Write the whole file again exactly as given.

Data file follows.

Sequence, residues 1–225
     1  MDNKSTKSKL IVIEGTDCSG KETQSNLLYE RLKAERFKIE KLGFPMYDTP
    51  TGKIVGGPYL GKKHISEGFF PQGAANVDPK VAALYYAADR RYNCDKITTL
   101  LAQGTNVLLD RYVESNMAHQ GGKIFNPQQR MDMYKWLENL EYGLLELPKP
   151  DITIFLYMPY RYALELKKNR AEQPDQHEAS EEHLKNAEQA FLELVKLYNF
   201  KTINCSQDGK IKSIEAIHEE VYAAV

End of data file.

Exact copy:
Sequence, residues 1–225
     1  MDNKSTKSKL IVIEGTDCSG KETQSNLLYE RLKAERFKIE KLGFPMYDTP
    51  TGKIVGGPYL GKKHISEGFF PQGAANVDPK VAALYYAADR RYNCDKITTL
   101  LAQGTNVLLD RYVESNMAHQ GGKIFNPQQR MDMYKWLENL EYGLLELPKP
   151  DITIFLYMPY RYALELKKNR AEQPDQHEAS EEHLKNAEQA FLELVKLYNF
   201  KTINCSQDGK IKSIEAIHEE VYAAV